ABOVE: Leukemic regenerating cells, rather than leukemia stem cells, may be responsible for relapses after chemotherapy.


The paper

A.L. Boyd et al., “Identification of chemotherapy-induced leukemic-regenerating cells reveals a transient vulnerability of human AML recurrence,” Cancer Cell, 34:P483–98.e5, 2018.

Cancer researchers have long supposed that relapses of acute myeloid leukemia (AML) arise from a population of leukemia stem cells (LSC) that were dormant and therefore likely protected from chemotherapies that target dividing cells.

But when Mickie Bhatia of McMaster University in Canada and colleagues analyzed cancer cell populations from patient samples as well as those obtained from AML cells grafted into mice, they found that LSCs were depleted during chemotherapy. “By kinetically profiling the cells, we got a better impression of what was being killed during the chemotherapy, but also how it came back,” says Bhatia.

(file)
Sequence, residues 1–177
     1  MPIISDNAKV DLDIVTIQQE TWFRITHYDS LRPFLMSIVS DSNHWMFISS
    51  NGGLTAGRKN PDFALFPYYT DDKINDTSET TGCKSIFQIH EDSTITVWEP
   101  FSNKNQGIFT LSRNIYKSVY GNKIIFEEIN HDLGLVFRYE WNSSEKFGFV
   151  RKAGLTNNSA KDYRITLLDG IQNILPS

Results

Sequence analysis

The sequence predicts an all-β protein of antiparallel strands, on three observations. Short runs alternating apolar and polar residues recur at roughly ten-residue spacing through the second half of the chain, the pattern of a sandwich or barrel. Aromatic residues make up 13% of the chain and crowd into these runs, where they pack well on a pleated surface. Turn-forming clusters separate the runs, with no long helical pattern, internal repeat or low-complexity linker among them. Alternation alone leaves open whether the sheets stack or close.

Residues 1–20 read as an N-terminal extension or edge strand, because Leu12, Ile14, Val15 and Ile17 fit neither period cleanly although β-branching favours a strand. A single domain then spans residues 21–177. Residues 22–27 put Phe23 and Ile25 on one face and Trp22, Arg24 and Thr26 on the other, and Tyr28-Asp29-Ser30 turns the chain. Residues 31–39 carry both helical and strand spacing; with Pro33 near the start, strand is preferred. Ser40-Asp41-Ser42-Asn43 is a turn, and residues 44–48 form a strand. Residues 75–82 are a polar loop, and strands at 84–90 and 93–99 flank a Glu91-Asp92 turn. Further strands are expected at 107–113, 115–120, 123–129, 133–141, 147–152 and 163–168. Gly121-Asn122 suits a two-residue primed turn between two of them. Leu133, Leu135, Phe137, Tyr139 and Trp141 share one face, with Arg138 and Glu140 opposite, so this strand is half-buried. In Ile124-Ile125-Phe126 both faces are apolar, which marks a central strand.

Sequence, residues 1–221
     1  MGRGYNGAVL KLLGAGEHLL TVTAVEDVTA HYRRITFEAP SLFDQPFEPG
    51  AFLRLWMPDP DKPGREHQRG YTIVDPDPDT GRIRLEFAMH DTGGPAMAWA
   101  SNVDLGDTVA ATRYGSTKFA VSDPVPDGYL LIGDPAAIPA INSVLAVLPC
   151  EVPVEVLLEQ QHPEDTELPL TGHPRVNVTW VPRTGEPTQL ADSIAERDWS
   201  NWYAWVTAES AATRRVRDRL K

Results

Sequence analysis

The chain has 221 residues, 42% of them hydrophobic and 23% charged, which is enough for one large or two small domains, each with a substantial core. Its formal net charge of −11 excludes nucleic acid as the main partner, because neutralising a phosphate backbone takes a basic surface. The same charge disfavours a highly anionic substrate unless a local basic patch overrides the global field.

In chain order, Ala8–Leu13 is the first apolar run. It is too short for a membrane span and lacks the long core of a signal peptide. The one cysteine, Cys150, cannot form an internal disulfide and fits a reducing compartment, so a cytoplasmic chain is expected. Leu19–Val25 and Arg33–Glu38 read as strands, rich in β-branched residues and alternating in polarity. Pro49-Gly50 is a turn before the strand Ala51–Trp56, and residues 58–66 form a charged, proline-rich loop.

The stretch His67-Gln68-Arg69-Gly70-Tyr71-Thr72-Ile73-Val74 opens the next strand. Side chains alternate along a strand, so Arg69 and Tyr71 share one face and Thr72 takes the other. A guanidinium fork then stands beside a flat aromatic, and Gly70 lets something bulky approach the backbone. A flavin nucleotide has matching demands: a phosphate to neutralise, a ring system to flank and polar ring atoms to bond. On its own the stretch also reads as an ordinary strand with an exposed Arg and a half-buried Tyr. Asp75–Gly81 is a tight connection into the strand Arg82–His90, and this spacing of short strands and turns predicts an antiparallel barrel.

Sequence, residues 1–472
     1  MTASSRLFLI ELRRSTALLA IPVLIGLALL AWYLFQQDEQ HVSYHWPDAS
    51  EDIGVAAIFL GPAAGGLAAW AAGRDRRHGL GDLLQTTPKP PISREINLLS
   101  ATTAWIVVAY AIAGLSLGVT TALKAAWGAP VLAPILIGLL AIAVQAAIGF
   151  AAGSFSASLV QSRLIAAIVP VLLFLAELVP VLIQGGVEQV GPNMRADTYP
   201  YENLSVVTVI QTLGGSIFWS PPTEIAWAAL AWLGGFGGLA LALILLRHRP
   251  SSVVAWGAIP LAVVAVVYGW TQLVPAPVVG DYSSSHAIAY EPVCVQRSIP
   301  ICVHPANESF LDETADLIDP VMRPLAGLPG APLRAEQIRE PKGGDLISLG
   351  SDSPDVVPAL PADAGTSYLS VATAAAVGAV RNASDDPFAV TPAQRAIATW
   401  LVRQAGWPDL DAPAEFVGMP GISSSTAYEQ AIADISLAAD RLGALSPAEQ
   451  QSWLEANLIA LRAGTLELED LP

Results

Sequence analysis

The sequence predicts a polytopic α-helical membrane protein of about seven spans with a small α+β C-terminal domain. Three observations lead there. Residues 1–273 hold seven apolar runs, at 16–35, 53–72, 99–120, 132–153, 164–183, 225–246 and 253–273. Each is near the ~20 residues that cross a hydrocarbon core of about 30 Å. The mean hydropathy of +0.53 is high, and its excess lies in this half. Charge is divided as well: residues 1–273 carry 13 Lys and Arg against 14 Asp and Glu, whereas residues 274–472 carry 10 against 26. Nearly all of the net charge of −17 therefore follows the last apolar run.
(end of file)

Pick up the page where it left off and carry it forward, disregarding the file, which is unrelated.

His team then...

“Maybe there’s a short window after induction [of] chemotherapy, where one could come in with a very specific therapy directed against this small population of leukemia regenerating cells,” says David Sykes, who studies AML at Massachusetts General Hospital and was not involved with this research. Sykes says the chances of finding similar target cell populations in other cancers is high.

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